Mount Carmel: Real Women

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1970s American blues-rock has returned to us in the form of Mount Carmel (think Humble Pie, Free, The Allman Brothers Band, etc.). The Columbus, Ohio power trio deliver a soulful, no-frills sound in a era of music desperately in need of a little more rock & roll. Real Women is the group’s second LP and it packs a riff-heavy punch. Stream the album’s title track and “Oh Louisa” below and you’ll quickly know what I mean.

Real Women:

Oh Louisa:

Father John Misty

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By now you’ve probably heard that drummer/guitarist J. Tillman has left Fleet Foxes to concentrate on other projects. While he might not be leaving for greener pastures, it’s not a huge shock considering that Tillman was putting out solo work a few years before joining Foxes in 2008. Tillman has now released a couple of new tracks under his pseudonym, Father John Misty. “I Would Love You,” a duet with Phosphorescent, is very much in the vein of Fleet Foxes, but his latest single “Hollywood Forever Cemetery” has an edgier Neil Young & Crazy Horse feel than anything his former group put out. Download both tracks below and check out a video of “Hollywood Forever Cemetery” (featuring Park and Rec‘s Aubrey Plaza going crazy) after the jump.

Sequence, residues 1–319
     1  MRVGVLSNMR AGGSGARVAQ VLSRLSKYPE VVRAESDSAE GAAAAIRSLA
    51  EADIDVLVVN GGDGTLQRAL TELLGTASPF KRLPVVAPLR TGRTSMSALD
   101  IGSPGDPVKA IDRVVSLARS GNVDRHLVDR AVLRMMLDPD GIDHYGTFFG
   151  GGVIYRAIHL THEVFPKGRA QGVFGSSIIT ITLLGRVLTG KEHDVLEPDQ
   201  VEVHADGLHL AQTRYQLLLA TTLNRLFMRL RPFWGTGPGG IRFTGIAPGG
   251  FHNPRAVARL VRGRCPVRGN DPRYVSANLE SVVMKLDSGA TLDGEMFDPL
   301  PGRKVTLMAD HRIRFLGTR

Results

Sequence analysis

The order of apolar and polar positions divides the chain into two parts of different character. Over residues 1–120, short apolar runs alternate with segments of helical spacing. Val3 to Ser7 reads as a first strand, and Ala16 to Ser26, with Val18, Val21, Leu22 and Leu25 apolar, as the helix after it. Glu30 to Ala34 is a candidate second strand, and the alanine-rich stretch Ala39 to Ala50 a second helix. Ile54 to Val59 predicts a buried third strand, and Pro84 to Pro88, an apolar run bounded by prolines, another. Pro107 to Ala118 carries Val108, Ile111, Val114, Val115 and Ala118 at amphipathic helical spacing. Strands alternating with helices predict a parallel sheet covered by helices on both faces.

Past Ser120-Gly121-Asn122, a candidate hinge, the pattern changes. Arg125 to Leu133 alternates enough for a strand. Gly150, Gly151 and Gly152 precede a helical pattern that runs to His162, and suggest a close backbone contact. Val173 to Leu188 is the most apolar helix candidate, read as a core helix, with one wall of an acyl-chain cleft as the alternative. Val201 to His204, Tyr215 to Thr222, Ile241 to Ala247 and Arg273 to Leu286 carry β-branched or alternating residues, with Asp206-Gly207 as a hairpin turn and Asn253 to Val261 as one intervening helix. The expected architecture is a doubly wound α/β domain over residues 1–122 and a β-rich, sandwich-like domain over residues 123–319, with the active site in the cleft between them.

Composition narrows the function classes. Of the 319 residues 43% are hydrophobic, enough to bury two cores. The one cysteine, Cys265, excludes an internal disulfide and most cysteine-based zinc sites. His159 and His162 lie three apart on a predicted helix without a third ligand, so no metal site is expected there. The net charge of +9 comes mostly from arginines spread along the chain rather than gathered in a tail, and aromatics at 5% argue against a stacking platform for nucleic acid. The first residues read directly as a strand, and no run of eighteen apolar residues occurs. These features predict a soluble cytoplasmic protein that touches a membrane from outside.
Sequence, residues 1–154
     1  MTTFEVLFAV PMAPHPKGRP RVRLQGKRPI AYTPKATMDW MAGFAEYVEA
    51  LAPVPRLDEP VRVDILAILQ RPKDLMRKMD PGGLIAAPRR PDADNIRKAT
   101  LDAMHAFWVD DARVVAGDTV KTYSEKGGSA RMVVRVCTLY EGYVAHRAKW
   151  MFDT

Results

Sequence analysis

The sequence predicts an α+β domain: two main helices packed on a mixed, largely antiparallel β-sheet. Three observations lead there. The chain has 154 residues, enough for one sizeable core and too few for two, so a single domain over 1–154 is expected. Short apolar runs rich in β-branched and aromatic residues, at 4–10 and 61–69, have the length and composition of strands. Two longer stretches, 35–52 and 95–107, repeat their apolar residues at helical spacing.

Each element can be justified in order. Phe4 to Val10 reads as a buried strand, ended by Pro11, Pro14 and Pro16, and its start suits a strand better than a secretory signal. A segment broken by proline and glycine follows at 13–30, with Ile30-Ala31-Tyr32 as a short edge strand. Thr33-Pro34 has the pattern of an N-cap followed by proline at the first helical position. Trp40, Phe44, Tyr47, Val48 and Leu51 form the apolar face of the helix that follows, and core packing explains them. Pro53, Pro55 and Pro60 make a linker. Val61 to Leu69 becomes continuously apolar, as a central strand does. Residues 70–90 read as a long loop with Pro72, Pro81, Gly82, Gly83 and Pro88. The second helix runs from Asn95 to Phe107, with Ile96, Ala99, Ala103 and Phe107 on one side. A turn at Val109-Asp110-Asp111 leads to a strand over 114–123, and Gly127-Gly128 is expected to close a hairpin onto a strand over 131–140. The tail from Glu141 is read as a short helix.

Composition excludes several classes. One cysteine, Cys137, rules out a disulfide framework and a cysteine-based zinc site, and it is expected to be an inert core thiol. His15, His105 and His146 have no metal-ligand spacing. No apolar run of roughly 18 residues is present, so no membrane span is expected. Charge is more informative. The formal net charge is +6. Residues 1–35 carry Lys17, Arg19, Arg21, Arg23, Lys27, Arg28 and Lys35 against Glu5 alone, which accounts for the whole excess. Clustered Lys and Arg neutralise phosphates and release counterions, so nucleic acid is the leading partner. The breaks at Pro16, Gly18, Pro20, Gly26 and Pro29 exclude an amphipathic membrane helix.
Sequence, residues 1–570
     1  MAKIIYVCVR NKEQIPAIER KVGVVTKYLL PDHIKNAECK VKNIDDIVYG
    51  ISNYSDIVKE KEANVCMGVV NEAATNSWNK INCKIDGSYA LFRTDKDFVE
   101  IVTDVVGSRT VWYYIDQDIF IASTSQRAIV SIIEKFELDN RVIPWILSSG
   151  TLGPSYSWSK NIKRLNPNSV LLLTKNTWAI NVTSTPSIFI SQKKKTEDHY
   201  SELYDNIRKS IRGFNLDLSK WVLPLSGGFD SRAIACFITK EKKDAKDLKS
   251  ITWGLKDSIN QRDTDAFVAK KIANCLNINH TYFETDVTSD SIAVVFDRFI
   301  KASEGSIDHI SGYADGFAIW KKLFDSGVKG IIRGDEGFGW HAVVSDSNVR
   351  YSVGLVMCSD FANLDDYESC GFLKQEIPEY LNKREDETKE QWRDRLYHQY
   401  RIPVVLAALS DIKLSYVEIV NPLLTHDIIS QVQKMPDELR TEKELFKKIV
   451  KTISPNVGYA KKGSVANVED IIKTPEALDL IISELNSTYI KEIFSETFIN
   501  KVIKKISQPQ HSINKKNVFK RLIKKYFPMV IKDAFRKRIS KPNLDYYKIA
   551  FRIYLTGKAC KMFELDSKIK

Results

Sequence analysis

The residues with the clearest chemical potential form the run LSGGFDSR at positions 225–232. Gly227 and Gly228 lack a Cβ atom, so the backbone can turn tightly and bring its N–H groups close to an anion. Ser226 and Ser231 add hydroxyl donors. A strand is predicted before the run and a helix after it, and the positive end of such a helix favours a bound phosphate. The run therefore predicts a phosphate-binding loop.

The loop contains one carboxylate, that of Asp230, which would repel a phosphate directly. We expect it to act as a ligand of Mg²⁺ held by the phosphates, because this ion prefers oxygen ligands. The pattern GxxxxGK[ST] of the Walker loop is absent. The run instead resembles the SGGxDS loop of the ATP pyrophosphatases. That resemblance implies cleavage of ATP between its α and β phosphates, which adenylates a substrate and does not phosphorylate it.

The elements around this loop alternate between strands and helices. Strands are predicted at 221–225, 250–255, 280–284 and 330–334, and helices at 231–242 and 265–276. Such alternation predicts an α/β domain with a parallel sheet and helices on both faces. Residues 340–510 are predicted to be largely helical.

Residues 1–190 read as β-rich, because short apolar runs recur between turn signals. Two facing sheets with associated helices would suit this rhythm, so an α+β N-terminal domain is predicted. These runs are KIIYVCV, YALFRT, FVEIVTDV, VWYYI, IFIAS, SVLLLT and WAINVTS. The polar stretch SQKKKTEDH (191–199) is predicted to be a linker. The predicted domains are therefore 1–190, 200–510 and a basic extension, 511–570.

MP3: Father John Misty & Phosphorescent: I Would Love You

MP3: Father John Misty: Hollywood Forever Cemetery

Tim Fite: We Are All Teenagers

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One of the my most memorable concerts was seeing Tim Fite in Boston in 2005 opening for Iron & Wine and Calexico. Fite has uncanny strange presence and engages crowds through bizarre bits of video accompaniment and storytelling in between songs. The majority of the crowd wasn’t there to see the relatively unknown artist, but most of us left with his debut album in hand. It’s hard to categorize Fite, who has done everything from folk to hip-hop, but underneath it all is surprisingly powerful songwriting.

On March 6th, the Brooklyn artist will be releasing his third album on Anti-. According to his label, the central focus of the new album, Ain’t Ain’t Aint, “is the pain, hope and unbridled passion of one’s teenage years.” Fittingly, the first single of the album is called “We Are All Teenagers.” Have a listen below.